To test their theory in vivo, the researchers incubated their compound with brain homogenates from PrPsc-infected mice and then injected the P30-treated extracts into the brains of healthy mice. The animals lived longer (175 days) than those injected with untreated homogenates (157 days).”It is not a big increase in survival, but sufficient to show that the compound has an effect,” said Perrier. Her group is now using those compounds to treat the prion-infected mice—a model that more closely mimics human disease. “They have done the first step,” said Forloni. “They will need to do more experiments to see whether this drug will be effective in reducing infectivity.” Although Perrier and colleagues have not done any experiments to find out how their compound might have helped increase survival, Perrier speculated that P30 might stabilize pre-amyloid forms of PrPsc, preventing them from proceeding further along the pathogenic pathway.

One limitation of the approach is its reliance on SDS PAGE to detect the oligomers, suggested Sylvain Lesne of the University of Minnesota, Minneapolis. He pointed out that other methods such as size-exclusion chromatography “give more information about the nature of the molecules that are in solution, under more physiological conditions.” With SDS PAGE and denaturation, there is a potential for artifacts, which is a concern for those studying Aβ as well (see Hepler et al., 2006). An unexplained finding is that P30 has much higher affinity for PrPsc and only causes PrPsc to form the more stable dimers and trimers, even though the region to which P30 binds is conserved between PrPc and PrPsc. “We think there is some interaction with the cellular PrP, but it is not sufficient to make oligomers,” said Perrier.

Could stabilizing oligomers be a broader therapeutic strategy? The European Medicines Agency may soon approve a drug for familial amyloid polyneuropathy that stabilizes native tetramers of transthyretin, preventing them from dissociating into monomers that can then form amyloid (see ARF related news story). Recently, Petsko's group, and researchers working independently at Dennis Selkoe’s lab at Brigham and Women’s Hospital, Boston, reported that α-synuclein, the protein that accumulates in Parkinson’s disease, normally exists as a an innocuous tetramer as well (see ARF related news story). “It is possible that stabilizing these tetramers might be a therapeutic approach,” said Petsko, "but whether this would ever lead to a therapy for Parkinson’s is another thing,” he cautioned.—Laura Bonetta.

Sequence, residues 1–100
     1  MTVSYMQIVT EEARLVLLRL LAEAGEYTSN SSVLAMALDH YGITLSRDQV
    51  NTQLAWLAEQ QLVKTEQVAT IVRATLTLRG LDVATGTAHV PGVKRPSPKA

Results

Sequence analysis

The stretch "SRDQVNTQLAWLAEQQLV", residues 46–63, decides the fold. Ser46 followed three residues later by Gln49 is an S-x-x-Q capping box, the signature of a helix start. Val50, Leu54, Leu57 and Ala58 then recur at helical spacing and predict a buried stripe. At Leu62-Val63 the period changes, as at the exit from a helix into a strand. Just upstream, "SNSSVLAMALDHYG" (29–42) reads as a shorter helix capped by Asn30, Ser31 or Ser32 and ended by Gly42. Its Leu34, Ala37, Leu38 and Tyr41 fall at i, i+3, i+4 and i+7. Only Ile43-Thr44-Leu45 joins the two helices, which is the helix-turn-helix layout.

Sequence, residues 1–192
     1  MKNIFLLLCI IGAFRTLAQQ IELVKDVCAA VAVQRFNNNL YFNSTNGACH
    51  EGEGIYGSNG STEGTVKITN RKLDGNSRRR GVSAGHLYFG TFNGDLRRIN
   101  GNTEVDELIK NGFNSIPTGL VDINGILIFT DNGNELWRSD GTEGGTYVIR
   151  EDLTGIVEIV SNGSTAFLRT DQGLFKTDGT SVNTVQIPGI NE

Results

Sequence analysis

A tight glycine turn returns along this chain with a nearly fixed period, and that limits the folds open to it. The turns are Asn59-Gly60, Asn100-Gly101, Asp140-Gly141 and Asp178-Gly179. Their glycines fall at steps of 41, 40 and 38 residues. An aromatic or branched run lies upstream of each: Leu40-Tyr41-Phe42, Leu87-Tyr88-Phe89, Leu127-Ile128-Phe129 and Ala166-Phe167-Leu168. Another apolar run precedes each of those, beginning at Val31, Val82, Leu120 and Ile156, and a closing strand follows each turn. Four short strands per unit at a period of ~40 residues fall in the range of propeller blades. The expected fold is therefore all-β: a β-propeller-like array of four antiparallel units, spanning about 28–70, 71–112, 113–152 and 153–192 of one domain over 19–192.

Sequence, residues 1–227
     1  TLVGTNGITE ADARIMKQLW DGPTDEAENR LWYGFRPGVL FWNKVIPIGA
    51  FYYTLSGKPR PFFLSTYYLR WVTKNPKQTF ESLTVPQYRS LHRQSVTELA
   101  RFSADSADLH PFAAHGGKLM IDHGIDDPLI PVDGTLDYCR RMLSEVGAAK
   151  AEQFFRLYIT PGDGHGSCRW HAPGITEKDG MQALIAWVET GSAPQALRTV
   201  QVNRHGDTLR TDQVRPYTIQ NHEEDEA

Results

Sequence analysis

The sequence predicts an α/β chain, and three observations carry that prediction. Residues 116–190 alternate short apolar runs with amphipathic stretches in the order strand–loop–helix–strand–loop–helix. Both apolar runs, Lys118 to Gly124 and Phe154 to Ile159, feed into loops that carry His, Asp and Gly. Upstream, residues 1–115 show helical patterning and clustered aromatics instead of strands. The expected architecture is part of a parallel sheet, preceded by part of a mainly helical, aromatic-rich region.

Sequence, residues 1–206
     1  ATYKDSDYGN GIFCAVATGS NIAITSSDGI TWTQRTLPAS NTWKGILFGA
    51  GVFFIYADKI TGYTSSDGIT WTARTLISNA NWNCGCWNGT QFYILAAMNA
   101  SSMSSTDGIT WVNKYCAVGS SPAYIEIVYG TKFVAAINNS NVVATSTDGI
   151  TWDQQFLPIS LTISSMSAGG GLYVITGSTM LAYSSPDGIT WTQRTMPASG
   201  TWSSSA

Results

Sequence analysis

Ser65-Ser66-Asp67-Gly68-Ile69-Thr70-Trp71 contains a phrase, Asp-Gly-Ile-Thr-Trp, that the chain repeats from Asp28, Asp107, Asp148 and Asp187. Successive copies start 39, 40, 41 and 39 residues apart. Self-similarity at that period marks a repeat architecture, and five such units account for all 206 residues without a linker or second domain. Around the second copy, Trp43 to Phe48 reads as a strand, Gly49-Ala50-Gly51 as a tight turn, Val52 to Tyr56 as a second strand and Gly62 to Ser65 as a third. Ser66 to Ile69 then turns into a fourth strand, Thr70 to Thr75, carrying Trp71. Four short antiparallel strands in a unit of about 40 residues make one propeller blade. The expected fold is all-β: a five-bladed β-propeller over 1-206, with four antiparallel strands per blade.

Reference:
Ayrolles-Torro A, Imberdis T, Torrent J, Toupet K, Baskakov I, Poncet-Montange G, Gregoire C, Roquet-Baneres F, Lehmann S, Rognan D, Pugniere M, Verdier J-M, Perrier V. Oligomeric-Induced Activity by Thienyl Pyrimidine Compounds Traps Prion Infectivity. The Journal of Neuroscience, October 19, 2011 • 31(42):14882–14892. Abstract

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References

Webinar Citations

  1. Clearing the Fog Around Aβ Oligomers

News Citations

  1. Seeds of Destruction—Prion-like Transmission of Sporadic AD?
  2. Amyloid-Blocking Drug Poised for Approval for Rare Disease
  3. An α-Synuclein Twist—Native Protein a Helical Tetramer

Paper Citations

  1. . Design and construction of diverse mammalian prion strains. Proc Natl Acad Sci U S A. 2009 Dec 1;106(48) Epub 2009 Nov 13 PubMed.
  2. . De novo induction of amyloid-β deposition in vivo. Mol Psychiatry. 2011 Oct 4; PubMed.
  3. . Soluble Aβ seeds are potent inducers of cerebral β-amyloid deposition. J Neurosci. 2011 Oct 12;31(41):14488-95. PubMed.
  4. . Solution state characterization of amyloid beta-derived diffusible ligands. Biochemistry. 2006 Dec 26;45(51):15157-67. PubMed.
  5. . Oligomeric-induced activity by thienyl pyrimidine compounds traps prion infectivity. J Neurosci. 2011 Oct 19;31(42):14882-92. PubMed.

Further Reading

Papers

  1. . Oligomeric-induced activity by thienyl pyrimidine compounds traps prion infectivity. J Neurosci. 2011 Oct 19;31(42):14882-92. PubMed.

Primary Papers

  1. . Oligomeric-induced activity by thienyl pyrimidine compounds traps prion infectivity. J Neurosci. 2011 Oct 19;31(42):14882-92. PubMed.